Postal workers in several depots across south west London and other parts of the capital have mounted a de facto wildcat strike/work to rule over concerns regarding coronavirus safety. They did so in the face of the refusal of the Communication Workers Union (CWU) to mount any protest against Royal Mail management.
Workers have accused Royal Mail management of inaction over concerns that they are being exposed unnecessarily to the virus. As one worker told the WSWS, it seems to be the policy of Royal Mail to “keep quiet and hope it goes away.”
Managers are telling staff that they will not even be issued with hand sanitizer or alcohol wipes. Other managers have been trying to order sanitizers from Amazon to no avail.
Postal workers are asking why if a member of staff phones in sick with suspected but not clinically verified coronavirus, aren’t the rest of the office being informed of the suspected case. Symptomatic staff are being told to stay at home and to self-isolate without being tested.
Postal workers are demanding action from Royal Mail to protect not only their work colleagues but family members as well. However, all Royal Mail is interested in is keeping costs down. Management has said they will only clean an office if there has been a clinically verified case of coronavirus.
Like all public services, postal workers come into daily contact with the members of the public. Handheld computers that the public sign to receive their mail are a possible source of spreading the virus both ways. Customer services points where people collect their mail are another source of potential contamination. One South West office has closed its customer service counter until further notice. Another office has suspended deliveries and collection of mail from post offices and pillar boxes.
The primary concern for postal workers across the country is the wall of secrecy from Royal Mail. Although there has been one confirmed case of a postman catching the virus in Greater Manchester, Royal Mail have so far refused to say if he went out on delivery and whom he met. All that is known is that the man returned to work after having travelled to Italy and worked for a day before self-isolating himself having developed flu-like symptoms.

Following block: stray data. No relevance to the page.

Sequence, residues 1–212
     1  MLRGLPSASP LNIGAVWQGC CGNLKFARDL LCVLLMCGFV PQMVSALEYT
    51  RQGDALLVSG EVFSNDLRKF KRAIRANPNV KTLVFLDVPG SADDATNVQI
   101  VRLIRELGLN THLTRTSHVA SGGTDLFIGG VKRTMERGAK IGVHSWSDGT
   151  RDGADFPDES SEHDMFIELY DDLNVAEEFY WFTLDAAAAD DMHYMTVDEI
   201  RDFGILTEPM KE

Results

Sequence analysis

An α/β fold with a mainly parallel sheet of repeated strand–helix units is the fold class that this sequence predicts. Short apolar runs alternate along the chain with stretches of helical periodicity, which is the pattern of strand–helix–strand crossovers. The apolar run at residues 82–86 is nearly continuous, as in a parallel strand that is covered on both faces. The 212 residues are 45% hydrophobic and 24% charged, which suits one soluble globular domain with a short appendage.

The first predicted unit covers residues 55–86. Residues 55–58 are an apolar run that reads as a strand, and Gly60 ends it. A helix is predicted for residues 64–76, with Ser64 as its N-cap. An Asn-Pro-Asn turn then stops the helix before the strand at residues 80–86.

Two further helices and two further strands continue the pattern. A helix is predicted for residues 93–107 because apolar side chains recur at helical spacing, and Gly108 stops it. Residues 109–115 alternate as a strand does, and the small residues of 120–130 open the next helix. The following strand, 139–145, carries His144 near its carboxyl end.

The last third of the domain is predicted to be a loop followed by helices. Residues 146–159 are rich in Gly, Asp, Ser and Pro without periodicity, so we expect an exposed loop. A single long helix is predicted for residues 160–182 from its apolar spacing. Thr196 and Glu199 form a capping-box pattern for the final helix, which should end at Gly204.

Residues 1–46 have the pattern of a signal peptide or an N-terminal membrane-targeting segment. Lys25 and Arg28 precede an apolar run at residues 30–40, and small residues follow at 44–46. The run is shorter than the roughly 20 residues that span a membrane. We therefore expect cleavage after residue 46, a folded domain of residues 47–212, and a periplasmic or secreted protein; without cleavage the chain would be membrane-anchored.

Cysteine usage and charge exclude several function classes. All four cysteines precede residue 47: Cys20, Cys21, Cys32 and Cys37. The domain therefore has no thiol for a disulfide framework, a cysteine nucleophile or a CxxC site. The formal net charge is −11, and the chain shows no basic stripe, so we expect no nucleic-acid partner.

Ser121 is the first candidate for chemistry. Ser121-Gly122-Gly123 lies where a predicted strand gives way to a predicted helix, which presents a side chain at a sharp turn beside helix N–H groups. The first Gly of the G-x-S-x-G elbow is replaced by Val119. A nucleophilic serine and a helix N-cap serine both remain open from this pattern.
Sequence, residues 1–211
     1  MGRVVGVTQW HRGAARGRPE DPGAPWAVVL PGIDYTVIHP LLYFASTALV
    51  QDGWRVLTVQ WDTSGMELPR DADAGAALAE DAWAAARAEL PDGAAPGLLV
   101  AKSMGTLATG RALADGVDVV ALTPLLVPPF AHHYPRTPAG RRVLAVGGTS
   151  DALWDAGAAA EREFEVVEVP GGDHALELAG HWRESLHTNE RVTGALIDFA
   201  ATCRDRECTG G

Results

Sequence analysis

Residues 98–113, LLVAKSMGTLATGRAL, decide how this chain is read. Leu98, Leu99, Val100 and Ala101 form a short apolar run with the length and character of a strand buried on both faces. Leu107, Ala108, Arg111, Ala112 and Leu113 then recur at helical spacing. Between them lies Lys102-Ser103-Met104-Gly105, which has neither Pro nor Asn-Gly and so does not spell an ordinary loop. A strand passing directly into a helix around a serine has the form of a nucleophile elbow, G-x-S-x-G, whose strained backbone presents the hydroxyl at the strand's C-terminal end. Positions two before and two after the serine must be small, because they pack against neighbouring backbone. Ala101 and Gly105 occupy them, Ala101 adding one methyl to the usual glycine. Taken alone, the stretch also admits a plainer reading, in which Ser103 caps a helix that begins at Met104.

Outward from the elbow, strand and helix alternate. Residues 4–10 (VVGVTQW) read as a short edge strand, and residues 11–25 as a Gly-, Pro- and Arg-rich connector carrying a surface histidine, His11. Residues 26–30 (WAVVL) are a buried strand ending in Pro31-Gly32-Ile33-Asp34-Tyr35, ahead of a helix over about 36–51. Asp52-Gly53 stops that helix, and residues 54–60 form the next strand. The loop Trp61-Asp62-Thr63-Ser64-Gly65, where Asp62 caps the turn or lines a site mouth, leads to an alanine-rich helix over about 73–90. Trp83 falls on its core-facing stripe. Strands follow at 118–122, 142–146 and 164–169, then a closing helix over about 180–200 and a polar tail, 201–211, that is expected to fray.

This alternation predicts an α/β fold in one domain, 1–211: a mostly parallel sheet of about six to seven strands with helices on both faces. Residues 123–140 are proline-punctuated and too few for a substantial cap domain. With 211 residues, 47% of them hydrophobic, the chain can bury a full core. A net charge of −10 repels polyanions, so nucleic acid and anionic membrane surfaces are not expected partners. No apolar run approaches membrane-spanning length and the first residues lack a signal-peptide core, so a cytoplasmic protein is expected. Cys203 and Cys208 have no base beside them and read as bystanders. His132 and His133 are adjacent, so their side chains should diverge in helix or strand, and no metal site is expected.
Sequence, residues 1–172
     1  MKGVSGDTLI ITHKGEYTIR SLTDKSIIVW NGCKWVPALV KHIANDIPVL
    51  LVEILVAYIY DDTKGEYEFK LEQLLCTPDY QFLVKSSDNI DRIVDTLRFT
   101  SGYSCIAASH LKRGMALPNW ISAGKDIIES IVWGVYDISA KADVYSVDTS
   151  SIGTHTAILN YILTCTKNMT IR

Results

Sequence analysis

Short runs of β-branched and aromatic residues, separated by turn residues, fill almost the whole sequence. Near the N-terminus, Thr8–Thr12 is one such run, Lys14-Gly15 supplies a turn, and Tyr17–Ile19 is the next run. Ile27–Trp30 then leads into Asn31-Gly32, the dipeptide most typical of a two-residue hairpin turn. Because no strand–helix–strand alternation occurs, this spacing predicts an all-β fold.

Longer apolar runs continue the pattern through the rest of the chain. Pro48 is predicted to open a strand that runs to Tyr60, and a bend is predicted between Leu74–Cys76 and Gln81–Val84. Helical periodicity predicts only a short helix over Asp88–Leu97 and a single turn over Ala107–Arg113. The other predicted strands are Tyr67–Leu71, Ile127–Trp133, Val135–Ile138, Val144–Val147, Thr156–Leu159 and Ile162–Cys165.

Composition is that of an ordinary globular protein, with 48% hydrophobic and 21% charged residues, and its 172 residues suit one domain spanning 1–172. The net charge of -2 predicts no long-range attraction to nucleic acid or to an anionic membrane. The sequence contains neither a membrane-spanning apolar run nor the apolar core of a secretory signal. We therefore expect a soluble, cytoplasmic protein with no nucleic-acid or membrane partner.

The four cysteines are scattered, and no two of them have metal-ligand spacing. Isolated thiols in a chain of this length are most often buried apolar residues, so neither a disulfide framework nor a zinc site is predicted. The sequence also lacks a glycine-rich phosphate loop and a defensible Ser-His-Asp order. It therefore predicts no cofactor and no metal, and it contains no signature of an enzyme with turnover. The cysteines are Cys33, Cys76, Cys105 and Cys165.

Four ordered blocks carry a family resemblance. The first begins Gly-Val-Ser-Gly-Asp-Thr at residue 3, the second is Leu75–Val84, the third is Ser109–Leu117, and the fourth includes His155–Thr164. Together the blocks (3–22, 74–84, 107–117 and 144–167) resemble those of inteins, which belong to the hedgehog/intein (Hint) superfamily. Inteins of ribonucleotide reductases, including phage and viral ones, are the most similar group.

The Manchester Evening News reported that the worker, “is understood to be based at the South West Delivery Office in Old Trafford.” It was only after he tested positive for coronavirus that Royal Mail carried out a deep clean of the office. It is unclear if some or all his work colleagues have been or will be forced to self-isolate. Royal Mail would only say that the man was recovering at home “under clinical advice.”
Postal workers around the world are faced with the same hazards and deliberate inaction by their employers and governments. An employee with the US Postal Service has tested positive for coronavirus in Seattle, Washington. The infection came in the same state that saw the first US death from the virus.
The same issue confronts workers employed in other public service industries. Railworkers have told the WSWS that conductors on their franchises are refusing to pass through the train to collect ticket revenues due to the absence of protection. Drivers secured an agreement for extra time to sterilise controls after a change of shift.
Yesterday, Transport for London (TfL) confirmed that a London Underground train driver on the Jubilee Line tested positive for coronavirus. The driver, based at the North Greenwich depot, had recently returned from a holiday in Vietnam. The areas where the driver worked are being cleaned, including the depot and the trains. The Jubilee Line, between Stratford in east London and Stanmore in suburban north-west, is the third busiest tube line. Labour Party London Mayor Sadiq Khan has insisted that the network will continue to run as normal.
The Royal Mail walkouts in south London come after the CWU identified over 30 local disputes at depots and sorting offices nationwide. These attest to a growing level of militancy by workers in the face of a continual management offensive against their terms, conditions and jobs.
Next Tuesday, the CWU will announce the result of a nationwide industrial action ballot of 110,000 workers, which is set to record a large majority in favour of strikes.
This follows the annulling of the previous ballot by postal workers by the High Court on November 13. In October, CWU members voted by a 97 percent majority on a 76 percent turnout to strike. Refusing to defy the judgment, the CWU appealed it to the High Court with predictable results. Still refusing to call any strike to defy this attack on the democratic rights of its members, the CWU eventually concluded that to save face, and to maintain control of the workforce, meant calling another national strike ballot.
Yesterday, the Aslef train drivers’ union announced that nearly 2,500 London Underground (LU) drivers have voted overwhelmingly to strike in a dispute over pay. A further 10,000-plus LU workers, including drivers and signallers, are being balloted by the Rail, Maritime and Transport workers union (RMT) in the same dispute. Any action by both sets of workers would completely shut down the London Underground network.
The walkouts by postal workers in Britain come after earlier developments in France. Around 70 percent of bus drivers in the Paris region working for Transdev and Keolis struck last week over the lack of proper action over the spread of coronavirus. There was a strike by workers in the RATP Paris public transport network at the Gare de Lyon. Action over coronavirus has also been taken by some teachers as well as a two-day work stoppage at the Louvre museum.